Methods used in cross-cultural comparisons of sexual symptoms and their determinants
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This is the fourth in a series of reviews of cross-cultural studies of menopausal symptoms. The purpose of this review is to examine methods used in cross-cultural comparisons of sexual symptoms among women at midlife, and to examine the determinants of sexual symptoms and how those determinants were measured. The goal of this review is to make recommendations that will improve cross-cultural comparisons in the future. The review included nine studies that explicitly examined symptoms in different countries or different ethnic groups in the same country and included: Australian/Japanese Midlife Women's Health Study (AJMWHS), Decisions At Menopause Study (DAMeS), Four Major Ethnic Groups (FMEG), Hilo Women's Health Survey (HWHS), Mid-Aged Health in Women from the Indian Subcontinent (MAHWIS), Penn Ovarian Aging Study (POAS), Study of Women's Health Across the Nation (SWAN), Women's Health in Midlife National Study (WHiMNS), and Women's International Study of Health and Sexuality (WISHeS). Although methods used for assessing sexual symptoms across cultures differed between studies, statistically significant differences were reported. Cross-cultural differences in sexual symptoms exist, and should be measured by including the following symptoms: loss of interest in sex, vaginal dryness, and the Females Sexual Function Index which covers desire, arousal, lubrication, orgasm, satisfaction, and pain on intercourse. The measurement of these symptoms will provide an evidence-based approach when forming any future menopause symptom list and allow for comparisons across studies.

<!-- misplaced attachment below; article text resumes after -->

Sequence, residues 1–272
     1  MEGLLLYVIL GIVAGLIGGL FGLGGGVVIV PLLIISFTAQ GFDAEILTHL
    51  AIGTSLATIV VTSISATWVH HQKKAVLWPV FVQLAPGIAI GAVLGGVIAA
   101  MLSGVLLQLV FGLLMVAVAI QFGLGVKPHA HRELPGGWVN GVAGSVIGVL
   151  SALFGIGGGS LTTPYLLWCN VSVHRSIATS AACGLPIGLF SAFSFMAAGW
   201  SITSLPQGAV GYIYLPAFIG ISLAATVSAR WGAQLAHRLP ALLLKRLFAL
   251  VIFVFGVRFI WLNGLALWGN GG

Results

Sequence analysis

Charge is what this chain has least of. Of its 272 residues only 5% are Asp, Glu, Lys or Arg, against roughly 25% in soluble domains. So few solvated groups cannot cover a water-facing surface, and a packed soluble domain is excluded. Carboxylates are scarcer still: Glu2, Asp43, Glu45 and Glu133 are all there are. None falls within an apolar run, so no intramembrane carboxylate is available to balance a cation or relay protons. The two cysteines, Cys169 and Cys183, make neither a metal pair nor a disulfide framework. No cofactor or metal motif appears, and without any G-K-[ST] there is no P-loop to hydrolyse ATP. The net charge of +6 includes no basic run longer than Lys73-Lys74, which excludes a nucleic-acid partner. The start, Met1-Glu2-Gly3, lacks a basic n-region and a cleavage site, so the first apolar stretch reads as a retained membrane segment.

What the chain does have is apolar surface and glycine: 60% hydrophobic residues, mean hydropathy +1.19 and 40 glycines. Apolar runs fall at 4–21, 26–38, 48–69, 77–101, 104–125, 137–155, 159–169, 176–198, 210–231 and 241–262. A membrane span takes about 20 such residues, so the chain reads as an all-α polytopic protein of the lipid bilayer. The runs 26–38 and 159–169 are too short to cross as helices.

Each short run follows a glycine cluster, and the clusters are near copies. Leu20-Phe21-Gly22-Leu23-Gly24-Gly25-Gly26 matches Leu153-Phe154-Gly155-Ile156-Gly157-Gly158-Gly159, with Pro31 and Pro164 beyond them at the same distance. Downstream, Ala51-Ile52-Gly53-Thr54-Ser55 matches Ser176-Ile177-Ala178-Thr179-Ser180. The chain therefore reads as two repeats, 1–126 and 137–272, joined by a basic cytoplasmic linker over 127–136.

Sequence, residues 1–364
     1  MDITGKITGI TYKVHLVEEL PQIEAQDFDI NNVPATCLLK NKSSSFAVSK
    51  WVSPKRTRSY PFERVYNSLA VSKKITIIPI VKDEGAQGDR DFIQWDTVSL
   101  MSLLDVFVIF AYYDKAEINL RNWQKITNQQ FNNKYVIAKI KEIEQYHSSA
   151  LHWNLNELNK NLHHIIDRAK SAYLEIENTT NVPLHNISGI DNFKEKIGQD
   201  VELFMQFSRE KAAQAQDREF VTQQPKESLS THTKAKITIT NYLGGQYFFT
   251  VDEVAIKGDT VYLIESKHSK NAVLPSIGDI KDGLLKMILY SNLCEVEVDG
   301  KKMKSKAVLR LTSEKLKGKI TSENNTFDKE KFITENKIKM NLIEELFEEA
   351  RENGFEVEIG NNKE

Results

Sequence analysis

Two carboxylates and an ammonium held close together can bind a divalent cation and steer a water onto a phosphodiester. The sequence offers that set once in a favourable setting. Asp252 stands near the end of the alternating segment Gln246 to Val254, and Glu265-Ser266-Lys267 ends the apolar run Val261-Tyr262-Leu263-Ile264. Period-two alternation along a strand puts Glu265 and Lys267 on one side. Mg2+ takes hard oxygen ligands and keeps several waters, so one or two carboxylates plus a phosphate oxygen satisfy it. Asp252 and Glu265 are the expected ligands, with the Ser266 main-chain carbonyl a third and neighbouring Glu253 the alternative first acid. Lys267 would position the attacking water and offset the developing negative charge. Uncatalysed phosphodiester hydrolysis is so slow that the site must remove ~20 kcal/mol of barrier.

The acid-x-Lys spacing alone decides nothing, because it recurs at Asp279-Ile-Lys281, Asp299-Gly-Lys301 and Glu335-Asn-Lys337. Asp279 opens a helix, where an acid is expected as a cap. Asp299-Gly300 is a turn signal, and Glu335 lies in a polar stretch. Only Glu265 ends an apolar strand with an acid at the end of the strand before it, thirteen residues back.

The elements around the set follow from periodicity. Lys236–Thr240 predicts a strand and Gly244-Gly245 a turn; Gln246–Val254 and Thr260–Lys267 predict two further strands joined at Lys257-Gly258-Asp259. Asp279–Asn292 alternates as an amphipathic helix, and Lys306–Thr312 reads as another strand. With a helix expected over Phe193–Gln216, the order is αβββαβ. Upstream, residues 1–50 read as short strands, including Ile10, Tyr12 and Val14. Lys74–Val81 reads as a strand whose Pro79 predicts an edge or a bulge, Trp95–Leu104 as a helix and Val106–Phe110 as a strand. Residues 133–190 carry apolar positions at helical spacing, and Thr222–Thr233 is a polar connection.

Clinical Sciences not elsewhere classified